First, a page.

Ensuring that printer ink is of a high enough standard is a prime concern of the compatible ink cartridge industry. For too long printer companies have forced consumers to use their own branded printer inks that are priced astronomically high. Literally two investments in printer ink could match the price of your printer. And this is true across the industry because of the way in which printers are made and sold.
Printers are manufactured simply to break even. This ultimately ensures that the price of a printer is about as good as it is ever going to get. But the same cannot be said of printer ink. A HP inkjet, for instance, can be a relatively inexpensive printer, yet over a couple of years of moderate use could see you pay for your printer twice over simply in ink. It is so expensive because printer companies make their money through the selling of ink. Ultimately, if you have bought a Brother inkjet, then Brother can dictate what price you pay for the ink. This is called a razor and blades business model and it is damaging to consumer choice.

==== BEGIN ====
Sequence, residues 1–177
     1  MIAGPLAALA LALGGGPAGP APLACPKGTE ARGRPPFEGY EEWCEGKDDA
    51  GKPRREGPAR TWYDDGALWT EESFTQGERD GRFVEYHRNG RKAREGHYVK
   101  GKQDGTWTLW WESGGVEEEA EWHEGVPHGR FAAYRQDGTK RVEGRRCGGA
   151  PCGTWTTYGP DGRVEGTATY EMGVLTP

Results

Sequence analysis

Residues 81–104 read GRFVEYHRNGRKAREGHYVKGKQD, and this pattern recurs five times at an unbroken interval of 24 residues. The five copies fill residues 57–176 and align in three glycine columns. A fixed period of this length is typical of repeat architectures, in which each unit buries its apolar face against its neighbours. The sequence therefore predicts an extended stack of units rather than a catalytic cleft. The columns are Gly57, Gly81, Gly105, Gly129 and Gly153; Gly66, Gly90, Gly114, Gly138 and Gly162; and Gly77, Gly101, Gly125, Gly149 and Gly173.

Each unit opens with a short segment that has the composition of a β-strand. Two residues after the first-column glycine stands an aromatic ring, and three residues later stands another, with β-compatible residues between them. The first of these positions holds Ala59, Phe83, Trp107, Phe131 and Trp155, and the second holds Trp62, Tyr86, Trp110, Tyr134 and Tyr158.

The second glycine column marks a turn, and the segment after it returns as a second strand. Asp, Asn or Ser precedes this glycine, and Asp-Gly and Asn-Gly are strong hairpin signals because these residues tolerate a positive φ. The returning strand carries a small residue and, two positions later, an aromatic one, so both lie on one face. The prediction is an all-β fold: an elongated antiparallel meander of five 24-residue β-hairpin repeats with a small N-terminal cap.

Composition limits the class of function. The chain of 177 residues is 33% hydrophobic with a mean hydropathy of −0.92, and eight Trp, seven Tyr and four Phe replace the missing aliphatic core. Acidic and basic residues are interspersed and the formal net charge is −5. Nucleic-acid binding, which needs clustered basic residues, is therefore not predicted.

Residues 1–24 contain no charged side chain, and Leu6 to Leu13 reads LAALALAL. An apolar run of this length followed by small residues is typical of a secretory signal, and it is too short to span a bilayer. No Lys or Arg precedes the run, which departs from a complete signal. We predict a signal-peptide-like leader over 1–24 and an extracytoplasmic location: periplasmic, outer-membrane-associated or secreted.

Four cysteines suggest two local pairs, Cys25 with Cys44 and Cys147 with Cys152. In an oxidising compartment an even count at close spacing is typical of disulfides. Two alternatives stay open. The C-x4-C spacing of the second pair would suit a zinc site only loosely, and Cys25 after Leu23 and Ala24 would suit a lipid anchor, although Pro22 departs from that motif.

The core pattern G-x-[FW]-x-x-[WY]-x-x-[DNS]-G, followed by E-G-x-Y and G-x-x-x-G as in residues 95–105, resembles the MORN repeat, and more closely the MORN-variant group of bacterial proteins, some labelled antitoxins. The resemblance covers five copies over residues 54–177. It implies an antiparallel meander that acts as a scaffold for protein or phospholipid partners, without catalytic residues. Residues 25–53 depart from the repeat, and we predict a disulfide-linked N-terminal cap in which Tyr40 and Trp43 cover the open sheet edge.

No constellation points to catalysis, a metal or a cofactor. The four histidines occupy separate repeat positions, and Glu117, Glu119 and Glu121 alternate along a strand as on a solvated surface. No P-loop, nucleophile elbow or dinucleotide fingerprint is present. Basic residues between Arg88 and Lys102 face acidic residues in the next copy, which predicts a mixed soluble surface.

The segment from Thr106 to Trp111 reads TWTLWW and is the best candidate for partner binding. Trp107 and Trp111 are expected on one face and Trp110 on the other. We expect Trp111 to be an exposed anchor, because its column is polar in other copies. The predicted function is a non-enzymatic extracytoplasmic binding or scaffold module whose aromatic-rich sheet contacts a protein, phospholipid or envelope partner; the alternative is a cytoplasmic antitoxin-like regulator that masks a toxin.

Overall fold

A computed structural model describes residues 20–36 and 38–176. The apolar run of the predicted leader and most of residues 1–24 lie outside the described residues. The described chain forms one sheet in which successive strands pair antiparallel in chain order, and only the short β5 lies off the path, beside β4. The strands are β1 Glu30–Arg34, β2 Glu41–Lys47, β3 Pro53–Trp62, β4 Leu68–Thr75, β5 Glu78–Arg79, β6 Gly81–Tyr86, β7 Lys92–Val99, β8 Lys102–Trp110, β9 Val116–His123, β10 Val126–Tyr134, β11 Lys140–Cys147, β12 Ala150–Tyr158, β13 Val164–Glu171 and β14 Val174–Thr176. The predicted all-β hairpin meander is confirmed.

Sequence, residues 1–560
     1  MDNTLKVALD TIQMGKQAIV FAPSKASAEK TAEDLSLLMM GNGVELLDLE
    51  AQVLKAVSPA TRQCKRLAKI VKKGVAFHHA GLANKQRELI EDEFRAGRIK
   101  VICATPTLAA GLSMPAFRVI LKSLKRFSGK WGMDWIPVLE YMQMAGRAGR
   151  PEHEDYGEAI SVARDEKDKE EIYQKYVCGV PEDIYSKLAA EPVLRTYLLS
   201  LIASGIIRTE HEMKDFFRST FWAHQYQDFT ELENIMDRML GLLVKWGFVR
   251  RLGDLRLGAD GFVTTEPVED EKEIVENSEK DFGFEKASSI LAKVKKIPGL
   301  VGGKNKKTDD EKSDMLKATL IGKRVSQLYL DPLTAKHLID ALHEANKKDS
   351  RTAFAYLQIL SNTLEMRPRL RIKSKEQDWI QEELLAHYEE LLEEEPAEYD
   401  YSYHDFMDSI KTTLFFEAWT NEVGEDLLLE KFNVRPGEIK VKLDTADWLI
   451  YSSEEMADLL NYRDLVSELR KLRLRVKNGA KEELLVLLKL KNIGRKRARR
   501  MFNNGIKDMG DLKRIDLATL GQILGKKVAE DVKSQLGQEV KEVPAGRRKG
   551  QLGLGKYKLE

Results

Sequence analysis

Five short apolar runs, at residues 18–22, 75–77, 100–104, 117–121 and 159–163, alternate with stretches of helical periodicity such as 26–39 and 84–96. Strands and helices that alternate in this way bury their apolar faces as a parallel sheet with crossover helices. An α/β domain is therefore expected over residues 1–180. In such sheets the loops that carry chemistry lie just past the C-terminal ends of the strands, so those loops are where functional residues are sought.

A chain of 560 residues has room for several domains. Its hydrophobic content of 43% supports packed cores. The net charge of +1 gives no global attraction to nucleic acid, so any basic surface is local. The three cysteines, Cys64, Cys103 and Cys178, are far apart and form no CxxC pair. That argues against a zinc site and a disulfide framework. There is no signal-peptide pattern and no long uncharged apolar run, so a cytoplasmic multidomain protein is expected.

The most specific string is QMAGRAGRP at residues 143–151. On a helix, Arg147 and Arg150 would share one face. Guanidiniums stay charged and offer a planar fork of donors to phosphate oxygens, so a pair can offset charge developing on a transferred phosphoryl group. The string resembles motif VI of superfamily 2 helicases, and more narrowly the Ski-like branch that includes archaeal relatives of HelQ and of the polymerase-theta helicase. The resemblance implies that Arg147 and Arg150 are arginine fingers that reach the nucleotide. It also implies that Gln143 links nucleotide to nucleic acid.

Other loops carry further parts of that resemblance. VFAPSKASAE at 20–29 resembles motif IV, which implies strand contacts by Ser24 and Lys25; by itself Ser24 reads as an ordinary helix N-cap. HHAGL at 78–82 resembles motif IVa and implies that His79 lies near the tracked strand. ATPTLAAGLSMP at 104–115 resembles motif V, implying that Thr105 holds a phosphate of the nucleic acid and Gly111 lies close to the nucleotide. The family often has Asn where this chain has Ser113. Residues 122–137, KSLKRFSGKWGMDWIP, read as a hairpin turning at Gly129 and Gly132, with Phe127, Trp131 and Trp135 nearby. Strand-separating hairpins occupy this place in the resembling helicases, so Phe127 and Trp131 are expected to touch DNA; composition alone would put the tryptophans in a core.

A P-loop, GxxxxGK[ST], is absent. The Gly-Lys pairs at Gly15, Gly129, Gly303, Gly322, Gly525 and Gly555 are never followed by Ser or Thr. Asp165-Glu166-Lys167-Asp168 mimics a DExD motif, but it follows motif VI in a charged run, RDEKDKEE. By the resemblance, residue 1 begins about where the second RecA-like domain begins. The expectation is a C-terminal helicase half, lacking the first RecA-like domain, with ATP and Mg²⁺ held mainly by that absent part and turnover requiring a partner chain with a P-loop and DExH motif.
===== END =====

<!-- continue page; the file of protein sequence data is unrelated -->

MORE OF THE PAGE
There was one instance where HP inks actually cost seven times more per millilitre than 1985 Dom Perignon. Ink is not that expensive. There is no shortage of ink. Of course, quality printers demand quality inks, but nobody when faced with the idea of paying considerably more than one of the best, vintage champagnes would willingly accept it. At this point the consumer must turn to a compatible ink cartridge manufacturer. The bad news for the printer companies is that the compatible ink market is growing and becoming more and more trustworthy all of the time and the best thing about it is that it is driven by consumer choice and the desire to not waste products like ink cartridges which can be refilled.